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Old 3 Weeks Ago   #36
bower
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Wow that 's a fast harvest! I look forward to seeing your pics and how it all was done.
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Old 3 Weeks Ago   #37
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Still shots to come later. Here is the link for the video I uploaded to Youtube.
I'll have to figure out how to get the quality to match what is on my phone, but you'll get the gist.
A major win today. The big farm that has a huge CSA is gonna buy and put a bulb in every box. I will be able to move all the volume I need to this year, and will be able to increase my production this fall!

https://www.youtube.com/watch?v=WQmG...ature=youtu.be
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Old 3 Weeks Ago   #38
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So i cut the tops with a sickle bar attachment on my BCS.

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We then under cut 2 of the 3 rows in a bed with the v-shaped culivator on the Farmall Super A.

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We then pulled the bulbs out and shook the dirt off the roots and placed them in baskets.

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Baskets were brought to our rack station and more dirt was rubbed/shook off. Stems were placed into the racks so no bulbs were touching or not touching too bad.

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4 racks fit on the truck. The racks are 2'x6' with 1" chicken wire on top. About 250-350 bulbs per rack depending on size of bulbs.

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The racks then go into the tractor trailer body I've been waiting to find a use for. Greenhouse fan at the far end pulls air from the front, across the racks to the back of the trailer.

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I estimate we harvested about 6,400 bulbs or about 700 lbs. Which is about online with the multiplier I got last year from my planting weight. I planted 150 pounds this year, and times 5 (my multiplier from planting weight to harvested weight) that is 750 lbs, so 700 sounds about right. I'm assuming based on some sizing and weighing I've done, that I average 9 bulbs per pound. So 6,400/9=711.

I will keep at least 200 lbs to plant this fall, so I can sell 500 pounds. At $6/LB, I hope to bring in 3k.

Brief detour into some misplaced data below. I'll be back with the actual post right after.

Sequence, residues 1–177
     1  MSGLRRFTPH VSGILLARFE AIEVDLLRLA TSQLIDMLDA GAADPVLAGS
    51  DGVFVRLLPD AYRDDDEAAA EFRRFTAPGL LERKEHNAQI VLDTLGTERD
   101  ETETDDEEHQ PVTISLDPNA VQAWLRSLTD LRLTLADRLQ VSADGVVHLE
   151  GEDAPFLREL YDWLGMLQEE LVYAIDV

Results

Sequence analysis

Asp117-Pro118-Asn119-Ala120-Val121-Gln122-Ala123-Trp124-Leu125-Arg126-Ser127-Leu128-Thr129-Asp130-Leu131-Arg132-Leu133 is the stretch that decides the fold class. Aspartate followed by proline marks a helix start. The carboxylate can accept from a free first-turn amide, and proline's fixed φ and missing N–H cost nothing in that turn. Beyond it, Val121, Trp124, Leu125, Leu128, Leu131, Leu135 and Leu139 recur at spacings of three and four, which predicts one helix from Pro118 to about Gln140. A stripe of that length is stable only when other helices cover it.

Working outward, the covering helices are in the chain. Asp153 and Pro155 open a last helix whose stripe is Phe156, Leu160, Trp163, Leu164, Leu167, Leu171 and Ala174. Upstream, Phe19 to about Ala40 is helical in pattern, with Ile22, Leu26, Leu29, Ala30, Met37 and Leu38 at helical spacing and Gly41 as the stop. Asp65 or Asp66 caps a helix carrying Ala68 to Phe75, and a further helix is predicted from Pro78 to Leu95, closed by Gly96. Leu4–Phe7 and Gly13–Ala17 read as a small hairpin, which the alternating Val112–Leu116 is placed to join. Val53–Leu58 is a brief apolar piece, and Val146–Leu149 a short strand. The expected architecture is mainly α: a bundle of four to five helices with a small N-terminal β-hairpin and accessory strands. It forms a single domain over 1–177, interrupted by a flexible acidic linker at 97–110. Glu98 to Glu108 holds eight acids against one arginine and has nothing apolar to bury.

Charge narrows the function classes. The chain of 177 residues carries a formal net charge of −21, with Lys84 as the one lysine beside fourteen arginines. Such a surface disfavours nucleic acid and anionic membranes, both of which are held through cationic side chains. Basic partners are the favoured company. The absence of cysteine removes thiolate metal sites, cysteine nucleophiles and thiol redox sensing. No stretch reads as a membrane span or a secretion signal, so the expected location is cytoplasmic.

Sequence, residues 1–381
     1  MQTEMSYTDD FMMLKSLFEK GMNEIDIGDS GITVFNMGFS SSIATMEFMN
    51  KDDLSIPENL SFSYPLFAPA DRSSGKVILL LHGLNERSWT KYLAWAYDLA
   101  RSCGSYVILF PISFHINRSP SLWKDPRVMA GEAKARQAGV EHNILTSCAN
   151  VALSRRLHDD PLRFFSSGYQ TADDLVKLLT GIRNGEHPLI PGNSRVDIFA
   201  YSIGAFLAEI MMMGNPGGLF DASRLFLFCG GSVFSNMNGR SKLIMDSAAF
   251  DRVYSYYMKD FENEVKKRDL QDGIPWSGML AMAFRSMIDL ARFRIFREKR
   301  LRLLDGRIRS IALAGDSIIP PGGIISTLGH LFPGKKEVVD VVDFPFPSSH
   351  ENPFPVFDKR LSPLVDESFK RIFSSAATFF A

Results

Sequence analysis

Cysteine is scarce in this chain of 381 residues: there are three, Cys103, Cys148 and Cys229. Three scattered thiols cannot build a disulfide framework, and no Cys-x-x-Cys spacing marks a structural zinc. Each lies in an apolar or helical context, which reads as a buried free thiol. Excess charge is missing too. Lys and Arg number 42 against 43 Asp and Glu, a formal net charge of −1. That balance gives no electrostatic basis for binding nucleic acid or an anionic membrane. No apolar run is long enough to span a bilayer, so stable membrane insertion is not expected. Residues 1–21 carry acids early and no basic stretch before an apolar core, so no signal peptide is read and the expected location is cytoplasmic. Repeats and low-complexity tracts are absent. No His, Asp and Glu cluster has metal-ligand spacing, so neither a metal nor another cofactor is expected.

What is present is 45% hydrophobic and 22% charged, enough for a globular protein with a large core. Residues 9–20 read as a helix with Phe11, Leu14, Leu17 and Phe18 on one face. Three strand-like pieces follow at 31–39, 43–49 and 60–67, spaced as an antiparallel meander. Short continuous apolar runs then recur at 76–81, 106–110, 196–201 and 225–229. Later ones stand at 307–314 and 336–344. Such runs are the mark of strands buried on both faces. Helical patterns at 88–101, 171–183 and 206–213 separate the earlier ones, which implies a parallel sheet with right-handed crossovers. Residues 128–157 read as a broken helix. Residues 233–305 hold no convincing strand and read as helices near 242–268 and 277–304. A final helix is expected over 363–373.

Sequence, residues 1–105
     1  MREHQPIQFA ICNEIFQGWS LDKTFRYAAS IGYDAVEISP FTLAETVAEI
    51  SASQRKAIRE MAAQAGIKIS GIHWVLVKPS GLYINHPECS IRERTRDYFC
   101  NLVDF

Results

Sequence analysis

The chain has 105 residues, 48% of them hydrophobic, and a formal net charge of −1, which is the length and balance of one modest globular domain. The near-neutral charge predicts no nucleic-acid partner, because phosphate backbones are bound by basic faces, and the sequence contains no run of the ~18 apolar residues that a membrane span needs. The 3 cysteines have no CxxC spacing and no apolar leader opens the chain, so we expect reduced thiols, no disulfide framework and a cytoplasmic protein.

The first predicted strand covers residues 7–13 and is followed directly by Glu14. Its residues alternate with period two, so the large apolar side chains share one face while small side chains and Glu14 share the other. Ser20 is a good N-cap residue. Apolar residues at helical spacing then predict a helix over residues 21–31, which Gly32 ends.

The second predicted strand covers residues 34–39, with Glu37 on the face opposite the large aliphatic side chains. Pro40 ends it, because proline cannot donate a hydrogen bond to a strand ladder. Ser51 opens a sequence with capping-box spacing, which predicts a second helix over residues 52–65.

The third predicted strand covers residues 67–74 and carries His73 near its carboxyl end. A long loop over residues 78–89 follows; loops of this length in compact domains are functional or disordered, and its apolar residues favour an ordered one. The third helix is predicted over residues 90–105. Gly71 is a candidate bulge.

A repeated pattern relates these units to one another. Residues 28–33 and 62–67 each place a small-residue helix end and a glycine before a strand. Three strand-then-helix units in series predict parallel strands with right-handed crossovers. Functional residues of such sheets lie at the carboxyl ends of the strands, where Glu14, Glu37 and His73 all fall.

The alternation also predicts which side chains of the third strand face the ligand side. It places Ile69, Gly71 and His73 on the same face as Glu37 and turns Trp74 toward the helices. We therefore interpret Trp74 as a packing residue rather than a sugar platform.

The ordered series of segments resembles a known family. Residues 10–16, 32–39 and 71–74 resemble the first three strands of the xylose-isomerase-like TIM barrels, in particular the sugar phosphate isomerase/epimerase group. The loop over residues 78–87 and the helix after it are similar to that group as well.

Next year I will have $0 seed cost* (but will bring in 2 new varieties to try, minimal relative cost) and hope to sell 1,000 pounds and really start getting closer to getting the farm to net me $10,000. That has been my goal all along.

Last edited by PureHarvest; 3 Weeks Ago at 02:26 PM.
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Old 3 Weeks Ago   #39
bower
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Wow PH!! Love your drying setup, I bet it's going to work great! Congrats on the CSA sale too...
Also, great video. This is really the payoff of spacing, to be able to loosen the soil like that, and not damage any garlic! Very impressed.

Last edited by bower; 3 Weeks Ago at 04:11 PM. Reason: add
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Old 3 Weeks Ago   #40
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Great progress report, from start to finish, with full details. Very useful.
I think you need to try some more varieties though, at 50g/non cured bulb is not that great for a 'commercial' grower. I can fully recommend Arno as the best garlic I have yet eaten, not sure if it fits in your routine, since it's a spring garlic. Rose de Lautrec is well known in France and highly regarded as gourmet but I haven't personally tried it yet (it's supposedly not very productive though). Cadours type of garlic (germidour) has big bulbs (100-200g), it's violet pink, and supposedly good tasting as well but stores poorly.
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Old 3 Weeks Ago   #41